PubMed Abstract | CrossRef Full Text | Google Scholar

12. Li H, Cao B. Pandemic and avian influenza A viruses in humans: epidemiology, virology, clinical characteristics, and treatment strategy. Clin Chest Med. (2017) 38:59–70. doi: 10.1016/j.ccm.2016.11.005

PubMed Abstract | CrossRef Full Text | Google Scholar

13. Zhang JJ, Dong X, Cao YY, Yuan YD, Yang YB, Yan YQ, et al. Clinical characteristics of 140 patients infected with SARS-CoV-2 in Wuhan, China. Allergy. (2020) 75:1730–41. doi: 10.1111/all.14238

PubMed Abstract | CrossRef Full Text | Google Scholar

14. Xu Z, Shi L, Wang Y, Zhang J, Huang L, Zhang C, et al. Pathological findings of COVID-19 associated with acute respiratory distress syndrome. Lancet Respir Med. (2020) 8:420–2. doi: 10.1016/S2213-2600(20)30076-X

PubMed Abstract | CrossRef Full Text | Google Scholar

15. Bian H, Zheng Z-H, Wei D, Zhang Z, Kang W-Z, Hao C-Q, et al. Meplazumab treats COVID-19 pneumonia: an open-labelled, concurrent controlled add-on clinical trial. medRxiv [Preprint]. (2020). doi: 10.1101/2020.03.21.20040691

CrossRef Full Text | Google Scholar

16. Hunter CA, Jones SA. IL-6 as a keystone cytokine in health and disease. Nat Immunol. (2015) 16:448–57. doi: 10.1038/ni.3153

PubMed Abstract | CrossRef Full Text | Google Scholar

17. Liu Q, Zhou YH, Yang ZQ. The cytokine storm of severe influenza and development of immunomodulatory therapy. Cell Mol Immunol. (2016) 13:3–10. doi: 10.1038/cmi.2015.74

PubMed Abstract | CrossRef Full Text | Google Scholar

18. Channappanavar R Perlman S. Pathogenic human coronavirus infections: causes and consequences of cytokine storm and immunopathology. Semin Immunopathol. (2017) 39:529–39. doi: 10.1007/s00281-017-0629-x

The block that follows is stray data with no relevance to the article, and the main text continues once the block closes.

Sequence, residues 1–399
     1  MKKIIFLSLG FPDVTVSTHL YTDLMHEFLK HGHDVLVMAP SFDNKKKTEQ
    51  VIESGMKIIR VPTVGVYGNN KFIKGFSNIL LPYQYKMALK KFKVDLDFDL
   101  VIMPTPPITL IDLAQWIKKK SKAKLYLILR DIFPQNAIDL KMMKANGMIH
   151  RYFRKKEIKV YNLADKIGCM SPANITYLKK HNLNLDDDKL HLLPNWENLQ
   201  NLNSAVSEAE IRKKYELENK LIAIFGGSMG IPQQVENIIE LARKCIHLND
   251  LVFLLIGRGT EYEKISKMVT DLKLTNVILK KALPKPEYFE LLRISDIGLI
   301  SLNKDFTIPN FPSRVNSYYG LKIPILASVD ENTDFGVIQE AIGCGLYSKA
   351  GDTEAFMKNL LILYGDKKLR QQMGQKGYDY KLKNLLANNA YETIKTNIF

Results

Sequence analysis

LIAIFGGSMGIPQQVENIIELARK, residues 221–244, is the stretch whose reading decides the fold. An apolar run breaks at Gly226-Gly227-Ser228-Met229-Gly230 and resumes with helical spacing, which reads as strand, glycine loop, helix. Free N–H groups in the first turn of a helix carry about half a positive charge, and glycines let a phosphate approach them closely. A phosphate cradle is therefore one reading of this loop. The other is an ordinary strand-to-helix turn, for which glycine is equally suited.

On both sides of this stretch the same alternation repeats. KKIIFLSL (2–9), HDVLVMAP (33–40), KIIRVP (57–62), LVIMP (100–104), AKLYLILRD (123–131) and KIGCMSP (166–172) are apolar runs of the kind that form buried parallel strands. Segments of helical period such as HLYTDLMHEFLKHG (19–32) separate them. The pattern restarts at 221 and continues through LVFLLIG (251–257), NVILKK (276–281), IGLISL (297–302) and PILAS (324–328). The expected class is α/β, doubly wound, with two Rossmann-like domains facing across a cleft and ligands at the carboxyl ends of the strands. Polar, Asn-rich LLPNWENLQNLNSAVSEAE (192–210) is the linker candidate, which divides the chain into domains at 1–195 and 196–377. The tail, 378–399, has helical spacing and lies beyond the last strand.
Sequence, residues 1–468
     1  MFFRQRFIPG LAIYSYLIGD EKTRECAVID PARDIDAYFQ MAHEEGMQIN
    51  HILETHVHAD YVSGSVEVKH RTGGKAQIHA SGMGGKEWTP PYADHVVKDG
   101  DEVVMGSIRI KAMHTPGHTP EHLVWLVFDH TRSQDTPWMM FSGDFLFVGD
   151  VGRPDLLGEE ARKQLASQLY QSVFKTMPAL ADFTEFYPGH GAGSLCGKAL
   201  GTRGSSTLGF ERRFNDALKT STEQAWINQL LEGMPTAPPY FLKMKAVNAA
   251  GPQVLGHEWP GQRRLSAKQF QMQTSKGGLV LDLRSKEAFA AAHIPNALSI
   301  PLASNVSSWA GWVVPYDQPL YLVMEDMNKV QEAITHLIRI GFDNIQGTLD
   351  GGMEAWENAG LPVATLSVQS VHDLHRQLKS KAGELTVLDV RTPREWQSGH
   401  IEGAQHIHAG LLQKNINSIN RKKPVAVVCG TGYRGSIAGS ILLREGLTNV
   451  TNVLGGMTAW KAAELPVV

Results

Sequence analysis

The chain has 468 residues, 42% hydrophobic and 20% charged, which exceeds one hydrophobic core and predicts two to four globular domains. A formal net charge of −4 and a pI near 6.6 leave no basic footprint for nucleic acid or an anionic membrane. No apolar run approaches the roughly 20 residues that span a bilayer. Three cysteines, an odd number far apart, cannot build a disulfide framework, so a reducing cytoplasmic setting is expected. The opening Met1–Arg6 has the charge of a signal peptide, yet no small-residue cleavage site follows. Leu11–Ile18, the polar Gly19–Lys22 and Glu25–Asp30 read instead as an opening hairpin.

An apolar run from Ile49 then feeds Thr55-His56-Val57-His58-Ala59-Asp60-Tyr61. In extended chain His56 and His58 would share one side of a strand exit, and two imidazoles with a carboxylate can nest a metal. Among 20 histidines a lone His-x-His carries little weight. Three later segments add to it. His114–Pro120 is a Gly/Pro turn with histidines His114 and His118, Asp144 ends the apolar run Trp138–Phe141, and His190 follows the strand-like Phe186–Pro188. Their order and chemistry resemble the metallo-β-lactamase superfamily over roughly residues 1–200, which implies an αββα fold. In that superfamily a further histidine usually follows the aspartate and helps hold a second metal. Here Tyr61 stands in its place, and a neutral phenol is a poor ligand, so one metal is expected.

PubMed Abstract | CrossRef Full Text | Google Scholar

19. Wu C, Chen X, Cai Y, Xia J, Zhou X, Xu S, et al. Risk factors associated with acute respiratory distress syndrome and death in patients with coronavirus disease 2019 pneumonia in Wuhan, China. JAMA Intern Med. (2020) 180:1–11. doi: 10.1001/jamainternmed.2020.0994

PubMed Abstract | CrossRef Full Text | Google Scholar

20. Ye Q, Wang B, Mao J. The pathogenesis and treatment of the ‘Cytokine Storm’ in COVID-19. J Infect. (2020) 80:607–13. doi: 10.1016/j.jinf.2020.03.037

PubMed Abstract | CrossRef Full Text | Google Scholar

21. Deng Q, Hu B, Zhang Y, Wang H, Zhou X, Hu W, et al. Suspected myocardial injury in patients with COVID-19: evidence from front-line clinical observation in Wuhan, China. Int J Cardiol. (2020) 311:116–21. doi: 10.1016/j.ijcard.2020.03.087

PubMed Abstract | CrossRef Full Text | Google Scholar

22. Shi S, Qin M, Shen B, Cai Y, Liu T, Yang F, et al. Association of cardiac injury with mortality in hospitalized patients with COVID-19 in Wuhan, China. JAMA Cardiol. (2020) 5:802–10. doi: 10.1001/jamacardio.2020.0950

PubMed Abstract | CrossRef Full Text | Google Scholar

23. Leonard-Lorant I, Delabranche X, Severac F, Helms J, Pauzet C, Collange O, et al. Acute pulmonary embolism in COVID-19 patients on CT angiography and relationship to D-dimer levels. Radiology. (2020). doi: 10.1148/radiol.2020201561. [Epub ahead of print].

PubMed Abstract | CrossRef Full Text | Google Scholar

24. Wichmann D, Sperhake J-P, Lütgehetmann M, Steurer S, Edler C, Heinemann A, et al. Autopsy findings and venous thromboembolism in patients with COVID-19. Ann Internal Med. (2020) M20-2003. doi: 10.7326/M20-2003

PubMed Abstract | CrossRef Full Text | Google Scholar

Keywords: COVID-19, pneumonia, inflammation, lymphopenia, risk factors

Citation: Zou L, Dai L, Zhang Y, Fu W, Gao Y, Zhang Z and Zhang Z (2020) Clinical Characteristics and Risk Factors for Disease Severity and Death in Patients With Coronavirus Disease 2019 in Wuhan, China. Front. Med. 7:532. doi: 10.3389/fmed.2020.00532

Received: 16 June 2020; Accepted: 28 July 2020;
Published: 13 August 2020.

Edited by:

Junxiong Pang, National University of Singapore, Singapore

Reviewed by:

Zhihao Wang, Wuhan University, China
Xiaochuan Wang, Huazhong University of Science and Technology, China
Ji-chun Zhang, Jinan University, China

Copyright © 2020 Zou, Dai, Zhang, Fu, Gao, Zhang and Zhang. This is an open-access article distributed under the terms of the Creative Commons Attribution License (CC BY). The use, distribution or reproduction in other forums is permitted, provided the original author(s) and the copyright owner(s) are credited and that the original publication in this journal is cited, in accordance with accepted academic practice. No use, distribution or reproduction is permitted which does not comply with these terms.

*Correspondence: Zhaohui Zhang, zhzhqing1990@163.com; Zhentao Zhang, zhentaozhang@whu.edu.cn

These authors have contributed equally to this work